Wednesday, May 29, 2013

The June Survival Kit

My last few blog posts have been geared towards making it as a middle school teacher through using creative teaching tactics and making connections with our students.  Though this is the "stuff" of good teaching, there are some other ways that, as middle school teachers, we need to make it.  Ok, I'll say what we are all thinking: we need to make it to June 25th.

Here in Boston, it's looking as though tomorrow is going to be a scorcher.  Right now, many of us teachers are facing the next couple of weeks with some apprehension as we inch towards the last day of the year. A building full of middle schoolers, 90 degree heat, and no air conditioning is a very frightening combination.  We are facing the days when we need to shower both before AND after work (the latter being a freezing cold one) even though we probably didn't have time to work out.  We are facing the days where we are reminded of the fact that the windows in our classroom only open half an inch.  We are facing the days where we don't blow dry our hair because we know it's immediately going up into some sort of makeshift updo as soon as we enter our sticky buildings.  How do we survive these weeks?  Well, we need to make it somehow, and there are a few key items that have helped me make it in the past.

Here it is...The June Survival Kit!

1. Hydration Station: It's important to stay hydrated once the school becomes Jamaica-like. Get yourself a very large, reusable water bottle.  Use it all day long.  In the morning, I like to make myself a giant iced coffee that fills this whole sucker up.  Here's a tip for you coffee lovers: ice melts VERY quickly on a warm morning in June.  I like to brew my coffee the night before.  Before putting it in the fridge, I fill up an ice cube tray with coffee, and stick it in the freezer.  So not only do I have deliciously cold coffee in the morning, I also don't have that watered down effect.  Once I'm fueled for the day, I like to alternate between water and the individual Crystal Light packets. 

2. Scent Defense: I'll be first in line to say that I love my students, and that I think they are amazing human beings.  However, being 13 and 14 years old, they don't always smell like roses.  This particularly comes to light around noon time on a sweltering day in June.  Air fresheners like the one pictured above are super cheap and can be strategically placed throughout the classroom.  I like the "four corners" approach, and I also keep one on my desk.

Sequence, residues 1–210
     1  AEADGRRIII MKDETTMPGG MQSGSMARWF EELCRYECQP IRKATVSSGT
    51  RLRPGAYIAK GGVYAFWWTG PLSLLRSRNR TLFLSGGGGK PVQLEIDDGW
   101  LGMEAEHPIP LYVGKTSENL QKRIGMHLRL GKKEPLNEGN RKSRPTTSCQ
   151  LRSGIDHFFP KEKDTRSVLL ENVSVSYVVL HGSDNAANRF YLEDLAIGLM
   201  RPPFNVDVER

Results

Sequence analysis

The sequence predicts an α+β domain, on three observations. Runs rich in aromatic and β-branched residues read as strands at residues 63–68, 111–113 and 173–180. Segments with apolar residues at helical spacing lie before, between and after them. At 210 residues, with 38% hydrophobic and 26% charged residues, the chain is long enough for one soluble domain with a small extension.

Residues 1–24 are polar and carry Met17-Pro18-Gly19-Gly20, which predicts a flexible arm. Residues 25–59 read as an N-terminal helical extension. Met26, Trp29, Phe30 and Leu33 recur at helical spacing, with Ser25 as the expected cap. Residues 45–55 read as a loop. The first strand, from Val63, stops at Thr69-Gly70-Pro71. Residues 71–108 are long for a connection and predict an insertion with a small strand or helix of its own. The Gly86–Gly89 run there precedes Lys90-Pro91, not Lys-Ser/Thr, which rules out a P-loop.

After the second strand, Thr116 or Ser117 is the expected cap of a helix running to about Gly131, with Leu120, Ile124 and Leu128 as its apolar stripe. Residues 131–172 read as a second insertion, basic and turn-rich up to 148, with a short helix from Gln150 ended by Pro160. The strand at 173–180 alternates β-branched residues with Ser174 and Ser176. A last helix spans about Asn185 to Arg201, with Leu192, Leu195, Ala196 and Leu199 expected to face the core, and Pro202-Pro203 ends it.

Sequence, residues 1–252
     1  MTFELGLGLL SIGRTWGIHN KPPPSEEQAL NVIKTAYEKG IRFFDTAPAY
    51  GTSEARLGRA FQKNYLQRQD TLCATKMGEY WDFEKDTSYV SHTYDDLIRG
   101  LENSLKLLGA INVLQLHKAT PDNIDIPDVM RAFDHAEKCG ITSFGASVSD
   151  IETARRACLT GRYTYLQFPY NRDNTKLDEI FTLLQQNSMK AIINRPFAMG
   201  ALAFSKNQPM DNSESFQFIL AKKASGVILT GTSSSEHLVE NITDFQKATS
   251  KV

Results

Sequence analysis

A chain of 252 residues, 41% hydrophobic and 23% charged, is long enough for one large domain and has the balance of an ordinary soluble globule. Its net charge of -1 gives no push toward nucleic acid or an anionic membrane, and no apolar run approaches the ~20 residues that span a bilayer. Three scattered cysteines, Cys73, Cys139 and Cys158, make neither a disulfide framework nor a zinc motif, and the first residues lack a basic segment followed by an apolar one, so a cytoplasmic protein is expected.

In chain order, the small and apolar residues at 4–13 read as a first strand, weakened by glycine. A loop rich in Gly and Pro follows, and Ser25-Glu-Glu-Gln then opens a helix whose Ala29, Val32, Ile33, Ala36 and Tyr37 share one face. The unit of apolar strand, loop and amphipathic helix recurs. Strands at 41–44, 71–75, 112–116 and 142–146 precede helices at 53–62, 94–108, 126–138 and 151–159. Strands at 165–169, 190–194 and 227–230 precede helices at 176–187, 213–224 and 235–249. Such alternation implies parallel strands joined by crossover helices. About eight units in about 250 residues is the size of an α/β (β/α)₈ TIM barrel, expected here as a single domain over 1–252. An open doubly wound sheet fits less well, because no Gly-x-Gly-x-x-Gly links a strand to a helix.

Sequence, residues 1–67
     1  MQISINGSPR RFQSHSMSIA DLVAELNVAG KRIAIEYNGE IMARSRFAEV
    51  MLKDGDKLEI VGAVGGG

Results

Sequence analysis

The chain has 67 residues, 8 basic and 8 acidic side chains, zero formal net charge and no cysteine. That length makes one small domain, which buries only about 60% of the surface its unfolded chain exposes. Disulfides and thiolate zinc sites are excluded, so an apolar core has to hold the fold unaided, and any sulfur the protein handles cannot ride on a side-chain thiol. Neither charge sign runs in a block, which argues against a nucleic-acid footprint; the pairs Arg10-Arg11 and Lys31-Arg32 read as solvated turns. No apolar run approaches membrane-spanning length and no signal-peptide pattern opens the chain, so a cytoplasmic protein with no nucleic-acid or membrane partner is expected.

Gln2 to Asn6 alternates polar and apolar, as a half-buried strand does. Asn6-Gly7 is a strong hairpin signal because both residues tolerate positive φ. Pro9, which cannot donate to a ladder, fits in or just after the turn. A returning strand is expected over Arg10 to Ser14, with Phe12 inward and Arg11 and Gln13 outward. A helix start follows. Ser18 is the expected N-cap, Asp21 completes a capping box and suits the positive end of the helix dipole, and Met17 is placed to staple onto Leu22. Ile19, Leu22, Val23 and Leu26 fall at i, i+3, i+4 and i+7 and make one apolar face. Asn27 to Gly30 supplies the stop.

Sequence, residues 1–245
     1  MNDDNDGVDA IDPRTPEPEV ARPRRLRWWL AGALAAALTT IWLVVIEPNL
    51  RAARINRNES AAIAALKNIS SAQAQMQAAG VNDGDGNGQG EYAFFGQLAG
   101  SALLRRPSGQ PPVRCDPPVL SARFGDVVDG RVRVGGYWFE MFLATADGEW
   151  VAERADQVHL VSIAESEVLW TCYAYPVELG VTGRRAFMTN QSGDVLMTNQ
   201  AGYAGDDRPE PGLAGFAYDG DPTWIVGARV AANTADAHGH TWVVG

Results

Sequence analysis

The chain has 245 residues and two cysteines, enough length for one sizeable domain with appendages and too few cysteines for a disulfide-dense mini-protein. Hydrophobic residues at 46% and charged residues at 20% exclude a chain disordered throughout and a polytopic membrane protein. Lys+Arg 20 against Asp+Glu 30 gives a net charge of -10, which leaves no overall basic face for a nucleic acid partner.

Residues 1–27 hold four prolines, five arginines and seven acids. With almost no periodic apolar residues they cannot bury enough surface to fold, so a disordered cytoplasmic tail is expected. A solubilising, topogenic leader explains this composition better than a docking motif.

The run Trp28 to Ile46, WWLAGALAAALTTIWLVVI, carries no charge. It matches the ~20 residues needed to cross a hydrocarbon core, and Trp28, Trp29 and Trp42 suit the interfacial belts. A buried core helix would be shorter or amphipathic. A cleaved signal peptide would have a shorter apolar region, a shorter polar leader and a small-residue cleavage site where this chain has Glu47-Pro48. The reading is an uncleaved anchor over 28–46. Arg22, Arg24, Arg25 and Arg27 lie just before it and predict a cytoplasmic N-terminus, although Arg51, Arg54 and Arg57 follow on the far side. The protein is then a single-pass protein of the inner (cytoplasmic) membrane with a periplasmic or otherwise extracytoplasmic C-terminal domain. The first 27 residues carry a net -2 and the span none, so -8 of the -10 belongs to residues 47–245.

3. Fashion Friendly Breathability Gear: Thankfully, beach attire is not appropriate at school, although the temperature can reach beach friendly heights.  On those days, I try to wear the most breathable fabric possible.  The two items pictured above are my most comfortable for scorchers.  They are flowy (and thus non-stick) and light, yet are still appropriate and professional.  

4. Anti-Oil Agents: At school in June, it is almost impossible to keep from "glowing." No, not glowing because you know you'll be on the beach in a few short weeks. You know, that slick, oily feeling your face gets after about an hour on a humid day? There are lots of different brands of oil absorbing sheets that are a quick fix for this problem, and can help you feel less slimy as you make your way to 2:30.  If you don't have any in your purse or in your desk, you're in luck! Those brown paper towels that don't seem to easily absorb any spill that occurs in your classroom are, ironically, excellent for absorbing oil! 

5. Photos of your Summer Happy Place: For those increasing moments in June where you feel as though all children have completely tuned you out, and the 90 degree stagnant heat is slowly sucking the life out of you, turn your oscillating fan directly onto your face and pull out a picture of your favorite summer spot.  Mine is Duxbury Beach.  I let the cool(ish) breeze wash over my slightly slimy face, and picture myself driving over this bridge and into paradise.  After a couple of yoga breaths, I'm able to return to being calm, cool, and collected. 

Though education is our passion and our art, even the most dedicated of creators are faced with trying times and the need to recharge their batteries.  To me, many of those trying times in a teacher's journey come in June, as our students (and we) become more anxious for some rest, relaxation, and recharging.  Sometimes the best thing to do to feed our passion for education is to step away from it for a while, and to then be reminded of how much we love what we do. 

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